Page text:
The 8th annual European Tree of the Year will come to a close on Feb 28th, but there’s still time to vote! To add to the suspense, the vote tallies are hidden for the last week of voting, but here are the standings from just before they were hidden.
Unlike other trees whose leaves change color in the Fall, the trunk of the rainbow eucalyptus changes color constantly. After the tree sheds its bark, it bursts into a technicolor display of oranges, blues, and greens.
The Major Oak attracts up to 1 million tourists each year, many of which are looking to capture some of the magic of the legend of Robin Hood.
In Poland’s Krzywy Las, or Crooked Forest, a group of pine trees grows sideways at the base, prompting all kinds of creative theories about their origin, including gravity fluctuations, Nazis, and even aliens.
As of February 1st, voting for the 8th annual European Tree of the Year competition is open. This year there are 13 monumental trees from 13 countries all around Europe.
Near the Mount of Olives in Jerusalem, a grove of olive trees in Gethsemane provides a direct link to ancient biblical stories.
Early on in the modern era, the Japanese government began a program to protect its natural treasures. There is no better example of Japan’s commitment to saving their natural monuments than the incredible story of Ogawachi no sugi, or Ogawa’s Cedar.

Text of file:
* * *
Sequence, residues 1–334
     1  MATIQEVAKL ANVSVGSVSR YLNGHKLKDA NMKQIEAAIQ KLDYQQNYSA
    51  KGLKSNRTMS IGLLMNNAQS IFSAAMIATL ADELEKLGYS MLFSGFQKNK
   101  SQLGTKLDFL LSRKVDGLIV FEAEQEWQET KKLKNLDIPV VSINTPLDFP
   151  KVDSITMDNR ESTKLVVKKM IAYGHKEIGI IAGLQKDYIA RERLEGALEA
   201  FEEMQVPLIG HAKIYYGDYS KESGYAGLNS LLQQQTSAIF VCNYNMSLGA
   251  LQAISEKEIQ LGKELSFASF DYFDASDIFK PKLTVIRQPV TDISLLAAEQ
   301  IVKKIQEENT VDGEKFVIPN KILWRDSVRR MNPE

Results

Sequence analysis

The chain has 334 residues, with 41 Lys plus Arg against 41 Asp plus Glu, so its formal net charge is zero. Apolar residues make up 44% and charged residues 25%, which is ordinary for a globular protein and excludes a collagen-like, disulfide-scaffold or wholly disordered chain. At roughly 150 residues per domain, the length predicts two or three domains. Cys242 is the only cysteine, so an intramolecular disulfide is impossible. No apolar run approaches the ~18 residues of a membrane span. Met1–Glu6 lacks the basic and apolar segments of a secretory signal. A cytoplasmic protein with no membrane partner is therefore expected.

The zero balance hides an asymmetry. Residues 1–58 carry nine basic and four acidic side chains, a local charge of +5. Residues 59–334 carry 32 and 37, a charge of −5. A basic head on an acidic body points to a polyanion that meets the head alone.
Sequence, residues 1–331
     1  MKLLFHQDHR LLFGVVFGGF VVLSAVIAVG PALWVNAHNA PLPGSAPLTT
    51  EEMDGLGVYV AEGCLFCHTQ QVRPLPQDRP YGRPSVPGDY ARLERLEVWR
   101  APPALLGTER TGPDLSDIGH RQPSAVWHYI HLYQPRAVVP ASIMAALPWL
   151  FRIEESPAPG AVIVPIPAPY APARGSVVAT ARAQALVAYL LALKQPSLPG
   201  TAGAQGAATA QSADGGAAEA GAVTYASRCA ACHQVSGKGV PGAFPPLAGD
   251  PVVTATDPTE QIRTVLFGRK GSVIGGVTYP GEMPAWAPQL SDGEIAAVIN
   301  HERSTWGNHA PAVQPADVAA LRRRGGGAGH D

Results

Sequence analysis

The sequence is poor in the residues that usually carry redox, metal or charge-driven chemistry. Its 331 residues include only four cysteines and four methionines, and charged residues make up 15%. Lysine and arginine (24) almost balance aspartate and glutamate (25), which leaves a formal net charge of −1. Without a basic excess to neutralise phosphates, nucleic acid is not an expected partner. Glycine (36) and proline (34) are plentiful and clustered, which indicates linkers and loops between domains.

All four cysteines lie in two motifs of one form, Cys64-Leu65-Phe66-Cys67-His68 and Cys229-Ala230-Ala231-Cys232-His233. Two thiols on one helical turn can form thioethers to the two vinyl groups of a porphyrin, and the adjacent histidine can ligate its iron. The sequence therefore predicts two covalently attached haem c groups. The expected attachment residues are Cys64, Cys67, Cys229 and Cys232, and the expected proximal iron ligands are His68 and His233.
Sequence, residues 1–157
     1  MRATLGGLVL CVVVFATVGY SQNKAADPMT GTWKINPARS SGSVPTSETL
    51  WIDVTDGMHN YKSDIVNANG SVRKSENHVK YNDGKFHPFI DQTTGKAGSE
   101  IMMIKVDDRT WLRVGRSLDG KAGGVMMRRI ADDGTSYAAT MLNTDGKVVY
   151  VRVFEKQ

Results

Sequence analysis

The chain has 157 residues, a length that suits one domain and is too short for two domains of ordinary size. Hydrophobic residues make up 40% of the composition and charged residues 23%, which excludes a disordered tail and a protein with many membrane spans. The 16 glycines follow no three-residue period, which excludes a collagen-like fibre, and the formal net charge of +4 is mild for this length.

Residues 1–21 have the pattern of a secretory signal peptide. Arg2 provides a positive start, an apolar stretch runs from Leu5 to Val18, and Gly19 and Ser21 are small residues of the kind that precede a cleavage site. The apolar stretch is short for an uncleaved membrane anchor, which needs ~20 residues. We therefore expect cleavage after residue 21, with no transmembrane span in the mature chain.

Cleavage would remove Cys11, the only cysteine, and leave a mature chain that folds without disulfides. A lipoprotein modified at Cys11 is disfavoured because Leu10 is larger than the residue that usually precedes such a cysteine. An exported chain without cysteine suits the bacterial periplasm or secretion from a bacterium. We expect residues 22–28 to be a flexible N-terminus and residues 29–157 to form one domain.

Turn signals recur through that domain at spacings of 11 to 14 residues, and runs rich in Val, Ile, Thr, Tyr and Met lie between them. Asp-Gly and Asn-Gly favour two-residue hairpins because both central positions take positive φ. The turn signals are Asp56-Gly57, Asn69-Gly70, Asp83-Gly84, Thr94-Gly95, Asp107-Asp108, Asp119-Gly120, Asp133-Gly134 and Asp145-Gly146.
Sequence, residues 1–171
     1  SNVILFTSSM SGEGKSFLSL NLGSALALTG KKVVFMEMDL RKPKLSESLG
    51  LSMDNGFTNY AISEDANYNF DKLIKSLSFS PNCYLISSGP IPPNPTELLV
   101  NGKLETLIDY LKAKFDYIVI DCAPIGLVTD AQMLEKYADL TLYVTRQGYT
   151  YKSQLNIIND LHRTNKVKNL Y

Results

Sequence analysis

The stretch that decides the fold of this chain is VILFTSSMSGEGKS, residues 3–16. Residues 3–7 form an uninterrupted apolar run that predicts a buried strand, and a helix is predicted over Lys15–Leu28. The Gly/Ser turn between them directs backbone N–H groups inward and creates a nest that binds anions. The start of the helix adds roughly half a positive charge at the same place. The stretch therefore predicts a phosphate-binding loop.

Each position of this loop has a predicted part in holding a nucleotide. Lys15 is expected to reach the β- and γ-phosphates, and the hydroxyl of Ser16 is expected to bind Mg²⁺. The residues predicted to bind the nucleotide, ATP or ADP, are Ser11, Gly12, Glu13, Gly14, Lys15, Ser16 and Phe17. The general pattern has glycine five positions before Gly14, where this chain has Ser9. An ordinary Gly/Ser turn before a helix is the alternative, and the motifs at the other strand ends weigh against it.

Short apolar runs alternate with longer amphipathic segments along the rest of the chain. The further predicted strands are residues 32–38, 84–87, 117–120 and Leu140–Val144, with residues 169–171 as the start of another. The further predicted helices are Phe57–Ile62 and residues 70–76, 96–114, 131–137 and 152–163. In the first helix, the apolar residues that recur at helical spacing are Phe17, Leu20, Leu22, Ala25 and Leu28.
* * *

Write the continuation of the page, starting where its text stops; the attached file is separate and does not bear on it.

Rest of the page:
Inga, or ice cream beans, grow plentifully throughout South and Central America, and in addition to their sweet tasting pulp, they have incredible soil regenerating properties that have the potential to combat destructive slash and burn practices in South America’s rainforests.
Cork is a versatile material can be harvested many times throughout a tree’s lifetime, but one particular tree in Portugal is so large that it produced more cork in a single harvest than most others in their entire life cycles.
In a small geographical area of Morocco between Marrakesh and Essaouira, a one of a kind tree has grown for tens of thousands of years. Argan trees have long been known by locals for their medicinal properties, but in recent years they’ve gained international attention, with both positive and negative consequences.